A serial-killer’s tale of love and madness
by Trygve E. Wighdal
Pub Date 21 Aug 2019
Talking about this book? Be sure to tag it using #JungsDemon #NetGalley
How to put a method, a structure in madness?
”Since I’d be first to cast a stone at a murderer—I am one after all—I venture on writing these truthful chronicles as a study of human suffering,” writes a serial-killer, in a story of self-discovery gone amok. JUNG’S DEMON is a book as hallucinogenic as Hunter S. Thompson and as powerful as Oscar Zeta Acosta. It is as tragic as Malcolm Lowry and occasionally as funny as David Foster Wallace.
"The murders Roman L. had committed with such a ferocious, savage intensity send shivers down my spine every time I reflect on his brutally honest confessions. He writes about “sinking into the terrifying Hell of my own soul, a cold, utter darkness of the scariest, most painful insanity that peels off your skin while your brain screams, crushed by madness.”
Even now as I copy his words here, I shake as I furtively look around. And I am afraid. I dread, no matter how irrationally, that I somehow might meet him or one of his scary personalities anew, and, like I was once before in Paris, again be tricked into liking him by his disarming, almost child-like smile and by his mirthful laughter that hid both the frightened child in him and the terrifying, heartless monster sneering behind. This book contains his chronicles. His harrowing descent into Hell.”
Think Kafka on acid and sprinkle some humor over it; that's JUNG'S DEMON.
"Despite the author's palpable mental anguish and a scarecrow like, disturbing cover, his tormented mind kept his sense of humor intact. That was a real surprise coming out "Jung's Demon." He mixes gruesome murders with ancient myths - I particularly loved a story of Erix, Aphrodite’s son set in Erice, Sicily - and than wraps it in a thin layer of humor, obfuscating nothing. His humor induces smiles, winces and chuckles rather than laughter and made us think. Is the demon really in all of us, waiting for right circumstances to unleash its devastating power?"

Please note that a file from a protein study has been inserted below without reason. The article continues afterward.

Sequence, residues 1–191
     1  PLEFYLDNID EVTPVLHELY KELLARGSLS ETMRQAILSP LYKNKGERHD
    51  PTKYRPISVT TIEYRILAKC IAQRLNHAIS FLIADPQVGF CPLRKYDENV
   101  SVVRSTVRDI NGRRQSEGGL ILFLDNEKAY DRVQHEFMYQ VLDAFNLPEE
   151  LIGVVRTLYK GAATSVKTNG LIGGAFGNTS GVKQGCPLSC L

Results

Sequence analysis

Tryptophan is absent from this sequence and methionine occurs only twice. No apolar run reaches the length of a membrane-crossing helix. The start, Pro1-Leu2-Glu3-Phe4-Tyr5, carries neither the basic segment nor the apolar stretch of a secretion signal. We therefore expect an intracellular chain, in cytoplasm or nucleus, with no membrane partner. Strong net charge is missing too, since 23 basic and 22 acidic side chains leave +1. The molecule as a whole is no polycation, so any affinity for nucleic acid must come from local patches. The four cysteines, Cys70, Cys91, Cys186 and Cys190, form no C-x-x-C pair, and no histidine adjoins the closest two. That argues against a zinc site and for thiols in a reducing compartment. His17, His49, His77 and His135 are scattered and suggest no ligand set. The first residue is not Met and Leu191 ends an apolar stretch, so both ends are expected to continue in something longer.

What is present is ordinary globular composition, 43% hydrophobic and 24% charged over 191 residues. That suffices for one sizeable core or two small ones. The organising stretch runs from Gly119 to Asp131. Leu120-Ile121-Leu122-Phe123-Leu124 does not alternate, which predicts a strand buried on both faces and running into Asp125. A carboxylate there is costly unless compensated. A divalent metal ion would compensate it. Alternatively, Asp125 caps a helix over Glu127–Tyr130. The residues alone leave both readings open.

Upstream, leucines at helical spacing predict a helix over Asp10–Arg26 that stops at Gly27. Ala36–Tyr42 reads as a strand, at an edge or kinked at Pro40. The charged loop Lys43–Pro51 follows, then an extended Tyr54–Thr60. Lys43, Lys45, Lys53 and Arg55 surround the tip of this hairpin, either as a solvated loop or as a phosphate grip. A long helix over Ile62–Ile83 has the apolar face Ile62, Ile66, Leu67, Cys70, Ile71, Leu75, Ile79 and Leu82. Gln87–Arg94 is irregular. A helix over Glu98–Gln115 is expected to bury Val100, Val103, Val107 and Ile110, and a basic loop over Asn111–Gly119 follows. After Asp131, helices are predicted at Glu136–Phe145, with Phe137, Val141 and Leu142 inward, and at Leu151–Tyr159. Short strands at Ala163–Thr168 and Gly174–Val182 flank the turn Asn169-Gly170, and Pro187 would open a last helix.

- Natasha Duchene
" Suspenseful, exquisitely paced, and darkly funny, written with refreshing intelligence and all too painful humanism, a must for lovers of food and travel, relationship addicts, movie lovers, students of the human condition (psychologists, also), artists of all kinds, magical realists, and other hopeless romantics."
- Lena T.
“What if I should discover that I myself am the enemy who must be loved? What then?”
- Carl Gustav Jung
Intimacy of Madness
Jung's Demon is truly a gripping, trenchant tale. To paraphrase Kundera, it's an unbearable intimacy of madness. A witty, thought-provoking book. It is also filed with self-effacing irony and subdued, sometimes twisted, sometimes painful humor. Once I started reading it, I could not put it down. Highly recommended insight into a tortured human soul.